Bubbles feature prominently on the terraces of Upton Park in east London, the home of West Ham United. Hammers fans sing about forever blowing the spherical globules and a special machine bellows thousands of the suds into the air at the start of every game.
And today expect copious amounts of bubbly corks to join the bubble squadrons when the Hammers kick off against West Brom. This week the 120-year-old claret and blue club was handed the keys to their new home - the London 2012 Olympic Stadium to where they will move in 2016.
By British standards, the sealing of this historic deal was done in remarkably quick time and ensures the centrepiece to Britain's glorious summer of sport seven months ago will not suffer the same fate as most Olympic stadiums.
Such edifices quickly fall into disrepair and become ghost arenas, burning vast amounts of money to maintain and make secure - huge hungry white elephants that quickly become an unnecessary drain on resources, as cities from Athens to Sydney testify.
Even the iconic Bird's Nest in Beijing - the proud centrepiece of a nation on the rise - looks forlorn and unloved because it enjoys only ad hoc employment as a Segway circuit, winter wonderland theme park and host to the occasional football game and athletics meet.
So you would think allowing West Ham to take over the running of the stadium and ensuring it will be used on a near weekly basis would be met with loud applause. Instead, howls of protests drowned out most of the jubilation.
First, there's the almost give-away price that grates. West Ham will hand over just £15 million (HK$176 million) for a 99-year lease on the £429 million stadium and will pay just £2 million a year in rent - a bargain of the century if ever there was one.
Then there is the conversion cost that could reach £190 million. The roof is to be extended and the seating capacity reduced from 80,000 to between 54,000 and 60,000.
A retractable seating system will allow the venue to be converted from a football stadium to an athletics arena within days; the seats will slide back and forth over the running track and ensure fans are closer to the action on match days.
The tab will be picked up by taxpayers, so little wonder many are calling the stadium the most expensive council tenancy in the land.
To others it is not so much the public cost but the prospect of 60,000 mainly males gnashing their teeth in the seats and the facade decked out in garish claret and blue and other sponsored branding that exasperates. Such cheapening is tantamount to a desecration of the country's "newest and most holy sporting place", claimed one critic.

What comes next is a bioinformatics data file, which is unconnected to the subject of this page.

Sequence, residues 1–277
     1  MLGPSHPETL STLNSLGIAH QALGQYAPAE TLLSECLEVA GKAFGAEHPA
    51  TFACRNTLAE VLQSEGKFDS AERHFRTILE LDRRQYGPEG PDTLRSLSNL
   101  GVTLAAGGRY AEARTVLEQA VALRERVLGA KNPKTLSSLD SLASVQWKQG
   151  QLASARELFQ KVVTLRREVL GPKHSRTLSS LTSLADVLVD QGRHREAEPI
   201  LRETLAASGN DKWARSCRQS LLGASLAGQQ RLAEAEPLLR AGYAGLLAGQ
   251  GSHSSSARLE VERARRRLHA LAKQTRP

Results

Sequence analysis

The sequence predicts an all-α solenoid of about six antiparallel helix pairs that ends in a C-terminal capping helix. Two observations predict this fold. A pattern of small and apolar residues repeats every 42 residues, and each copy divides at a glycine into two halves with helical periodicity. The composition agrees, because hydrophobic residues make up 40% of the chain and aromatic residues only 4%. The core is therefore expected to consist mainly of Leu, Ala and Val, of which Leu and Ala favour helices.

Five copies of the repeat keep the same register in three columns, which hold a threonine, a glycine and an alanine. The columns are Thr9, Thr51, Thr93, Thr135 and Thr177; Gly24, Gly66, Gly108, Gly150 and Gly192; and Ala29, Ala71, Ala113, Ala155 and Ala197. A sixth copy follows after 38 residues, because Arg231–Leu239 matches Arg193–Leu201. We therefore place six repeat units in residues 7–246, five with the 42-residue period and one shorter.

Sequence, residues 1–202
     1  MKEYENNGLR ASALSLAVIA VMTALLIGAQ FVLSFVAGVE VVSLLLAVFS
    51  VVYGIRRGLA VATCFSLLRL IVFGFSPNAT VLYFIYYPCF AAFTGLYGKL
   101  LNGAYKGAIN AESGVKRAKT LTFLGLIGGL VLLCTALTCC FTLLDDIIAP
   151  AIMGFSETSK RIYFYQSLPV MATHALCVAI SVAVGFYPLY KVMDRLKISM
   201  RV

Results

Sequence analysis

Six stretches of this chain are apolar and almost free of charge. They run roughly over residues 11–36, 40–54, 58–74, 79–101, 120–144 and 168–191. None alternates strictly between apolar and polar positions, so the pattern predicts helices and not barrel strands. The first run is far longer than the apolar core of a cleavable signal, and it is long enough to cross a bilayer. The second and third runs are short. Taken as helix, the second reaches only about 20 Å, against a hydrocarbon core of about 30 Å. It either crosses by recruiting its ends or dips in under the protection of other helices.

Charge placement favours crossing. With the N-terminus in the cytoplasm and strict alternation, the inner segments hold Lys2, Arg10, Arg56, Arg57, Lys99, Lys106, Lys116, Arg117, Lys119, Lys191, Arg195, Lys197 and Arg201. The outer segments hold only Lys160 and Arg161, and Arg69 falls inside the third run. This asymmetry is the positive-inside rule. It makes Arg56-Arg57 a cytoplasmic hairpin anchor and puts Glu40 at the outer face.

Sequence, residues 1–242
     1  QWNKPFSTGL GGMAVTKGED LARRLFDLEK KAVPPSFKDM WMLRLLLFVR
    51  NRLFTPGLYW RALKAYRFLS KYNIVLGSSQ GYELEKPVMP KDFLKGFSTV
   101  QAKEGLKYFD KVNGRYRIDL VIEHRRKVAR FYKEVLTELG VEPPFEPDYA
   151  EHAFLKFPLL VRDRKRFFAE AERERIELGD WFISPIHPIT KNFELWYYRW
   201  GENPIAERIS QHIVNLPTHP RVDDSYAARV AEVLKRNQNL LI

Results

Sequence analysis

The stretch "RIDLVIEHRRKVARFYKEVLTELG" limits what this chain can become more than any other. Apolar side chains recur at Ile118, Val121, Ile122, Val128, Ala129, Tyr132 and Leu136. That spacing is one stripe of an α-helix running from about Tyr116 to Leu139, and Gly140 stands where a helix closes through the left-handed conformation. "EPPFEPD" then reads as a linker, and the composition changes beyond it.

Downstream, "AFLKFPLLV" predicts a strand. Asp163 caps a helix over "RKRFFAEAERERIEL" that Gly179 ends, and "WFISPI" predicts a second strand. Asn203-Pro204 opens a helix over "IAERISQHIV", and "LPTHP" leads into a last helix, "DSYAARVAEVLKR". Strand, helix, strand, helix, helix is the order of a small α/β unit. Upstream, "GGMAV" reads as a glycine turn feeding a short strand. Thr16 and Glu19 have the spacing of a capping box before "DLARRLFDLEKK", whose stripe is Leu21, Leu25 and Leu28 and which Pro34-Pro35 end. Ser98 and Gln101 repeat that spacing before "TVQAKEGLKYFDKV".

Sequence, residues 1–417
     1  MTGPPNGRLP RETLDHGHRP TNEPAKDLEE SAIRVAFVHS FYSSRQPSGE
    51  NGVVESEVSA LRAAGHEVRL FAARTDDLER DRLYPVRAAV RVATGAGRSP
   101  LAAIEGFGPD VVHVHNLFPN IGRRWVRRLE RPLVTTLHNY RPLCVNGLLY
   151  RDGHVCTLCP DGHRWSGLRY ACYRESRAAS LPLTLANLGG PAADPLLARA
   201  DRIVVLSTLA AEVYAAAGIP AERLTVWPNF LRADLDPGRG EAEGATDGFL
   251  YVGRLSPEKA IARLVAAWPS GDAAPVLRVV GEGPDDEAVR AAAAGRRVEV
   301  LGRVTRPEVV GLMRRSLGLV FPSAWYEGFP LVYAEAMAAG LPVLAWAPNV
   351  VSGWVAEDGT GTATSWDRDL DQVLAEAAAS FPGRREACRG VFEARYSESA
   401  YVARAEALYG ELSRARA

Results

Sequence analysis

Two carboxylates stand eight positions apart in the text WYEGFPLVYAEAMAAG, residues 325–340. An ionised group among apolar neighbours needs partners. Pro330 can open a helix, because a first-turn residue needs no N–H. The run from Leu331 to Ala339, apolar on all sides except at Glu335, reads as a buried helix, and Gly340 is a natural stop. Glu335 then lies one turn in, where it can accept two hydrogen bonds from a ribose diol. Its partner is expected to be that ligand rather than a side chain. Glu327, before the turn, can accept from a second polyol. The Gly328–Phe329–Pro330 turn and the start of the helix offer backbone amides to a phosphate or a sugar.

And who can blame some clubs muttering in protest about West Ham's unfair advantage in boosting their match-day revenues and tapping an angry finger on the league's new financial fair play rules?
London mayor Boris Johnson, who can dig his way out of a tight corner faster than an excavator in an Inner Mongolian mine, defended the deal with his usual exuberance.
"It's a deal they said could never be done," he boasted. "This fantastic stadium will not only host community sports, but rock concerts, athletics like the Diamond League this summer, all sorts of sports where the ball is not necessarily spherical."
He's right. The agreement should be applauded and taxpayers thankful they will not be subsidising a leviathan wastrel. Indeed, the income from rent, hospitality and naming rights will be "very, very substantial".
So what's not to like?
One concern is whether West Ham will be capable of filling a venue almost double the size of their 30,000-seat Upton Park. But club owners David Gold and David Sullivan have agreed to pay a one-off windfall back to the taxpayers in the event they sell the club in the next 10 years.
Plenty of plans were laid on the table for London's stadium, though none were seen as viable. UK Athletics and League Two London club Leyton Orient put in bids, but both lacked the potential earning power of a London-based EPL side.
The stadium could have been adapted at a fraction of the cost if it had been built with a post-Games switch to football in mind. But the London 2012 delivery team, Sebastian Coe & Co, ruled out football playing a part in the post-Games scenario when plans for the stadium were drawn up in 2006-07.
Pleas to include retractable seating like the Stade de France in Paris were ignored.
"This is the biggest mistake of the Olympics and lessons should be learned from this," said former government sports minister Richard Caborn, among those lobbying for a retractable model.
Stadium planners the world over take heed - and make football their default end game.